Work-from-Home Rules Everyone Needs to Follow
An etiquette expert shares tips for being as professional as possible.
While working from home in quarantine, we’re doing things we never thought we’d do. We take client calls in closets, live in chaos while our Zoom backgrounds suggest a Stepford-type situation, and try to sound authoritative during meetings while wearing quirky pajama pants, the same pair we’ve been in since quarantine began. We’re adopting as best as we can to this new life, where relationships with colleagues are sustained primarily over email, and you’re judged by your presence and opinions you share during the handful of virtual meetings each month. So, it could be time for a check-in: Is it possible we’ve gotten a little too comfortable at home and lost a bit of our professionalism?
We spoke with Lisa Orr, a certified etiquette consultant based in Toronto, for her tips on being as business-like as possible when working from home.
Everyone seems to be obsessed with video calls nowadays, but are they always necessary?
“If it would’ve been a call before Covid, it makes sense to do one now,” says Orr. You’ll also want to consider the family dynamics of the other members of the meeting. A video call may be more difficult for someone who’s quarantining with their family, especially if there are young kids at home.
While video calls aren’t necessary for two- or three-person dialogues, they’re beneficial for other meeting sizes. “Video conferencing is really helpful when you have a small group of people and there’s any type of interactivity required,” says Orr. Video calls allow you to assess the facial reactions and body language of others in the meeting, making reacting and commenting easier.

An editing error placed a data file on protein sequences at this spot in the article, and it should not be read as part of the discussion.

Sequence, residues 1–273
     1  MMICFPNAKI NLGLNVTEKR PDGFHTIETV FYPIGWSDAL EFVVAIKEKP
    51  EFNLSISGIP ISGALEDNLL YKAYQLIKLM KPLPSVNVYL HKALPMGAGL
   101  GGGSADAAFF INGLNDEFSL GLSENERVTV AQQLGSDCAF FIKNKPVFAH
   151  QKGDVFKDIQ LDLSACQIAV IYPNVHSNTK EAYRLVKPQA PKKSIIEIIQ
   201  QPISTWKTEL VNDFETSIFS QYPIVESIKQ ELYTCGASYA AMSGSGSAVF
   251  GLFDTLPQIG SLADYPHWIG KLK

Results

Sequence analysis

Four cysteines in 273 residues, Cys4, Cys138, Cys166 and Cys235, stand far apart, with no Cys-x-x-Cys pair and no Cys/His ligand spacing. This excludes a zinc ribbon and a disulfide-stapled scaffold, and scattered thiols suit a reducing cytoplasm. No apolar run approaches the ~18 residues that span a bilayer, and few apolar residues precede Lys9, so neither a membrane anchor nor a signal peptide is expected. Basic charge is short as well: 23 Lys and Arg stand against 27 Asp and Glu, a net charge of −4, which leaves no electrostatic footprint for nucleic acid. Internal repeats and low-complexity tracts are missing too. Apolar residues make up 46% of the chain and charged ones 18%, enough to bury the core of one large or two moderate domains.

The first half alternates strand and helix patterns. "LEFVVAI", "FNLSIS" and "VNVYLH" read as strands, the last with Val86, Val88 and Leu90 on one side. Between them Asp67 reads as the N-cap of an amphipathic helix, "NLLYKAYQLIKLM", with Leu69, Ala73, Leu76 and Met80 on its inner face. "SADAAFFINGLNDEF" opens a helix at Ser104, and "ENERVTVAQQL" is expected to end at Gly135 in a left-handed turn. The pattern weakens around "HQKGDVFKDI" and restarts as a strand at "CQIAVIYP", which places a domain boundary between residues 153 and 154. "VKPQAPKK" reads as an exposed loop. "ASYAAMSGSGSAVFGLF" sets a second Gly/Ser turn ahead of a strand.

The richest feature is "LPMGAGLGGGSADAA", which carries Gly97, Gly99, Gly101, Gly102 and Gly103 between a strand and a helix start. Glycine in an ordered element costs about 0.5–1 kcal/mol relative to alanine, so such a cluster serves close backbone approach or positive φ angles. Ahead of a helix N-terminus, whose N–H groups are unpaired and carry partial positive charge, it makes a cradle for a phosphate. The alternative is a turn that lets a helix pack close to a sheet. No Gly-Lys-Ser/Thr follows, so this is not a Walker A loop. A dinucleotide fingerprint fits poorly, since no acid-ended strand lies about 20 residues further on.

Should meeting invitations include a note on whether it’s audio or video?
“The reality is that people are working from home so you need to prepare them,” says Orr. “I think it’s important to give people a heads-up if they have to be camera-ready.” Video calls aren’t easy for everyone—the preparation can take much more time than it would for an audio call since everyone wants to create a professional image.
When you’re on the receiving end of a meeting invitation, be on the safe side and ask the host to clarify the type of meeting, if it hasn’t been noted. “But there’s always the opportunity to leave your camera off,” says Off. If you get blindsided by a video call, and don’t feel you’ll be able to present yourself in a professional way, just leave the camera off.
Is it better etiquette to be early to a virtual meeting, or is it okay to arrive right on time?
“I like to have my screen open a few minutes before, so if I’m having technical difficulties, I can find another way or have time to email my host,” says Orr. It’s especially important to be early if you’re the host, as people can be in the digital waiting room, and you’ll want to manage that as promptly as possible. But when you’re an invitee, is showing up right on time wrong? No! “We use the protocol of the North American environment, which is that you arrive just as the meeting is getting started.”
What’s the proper WFH dress code?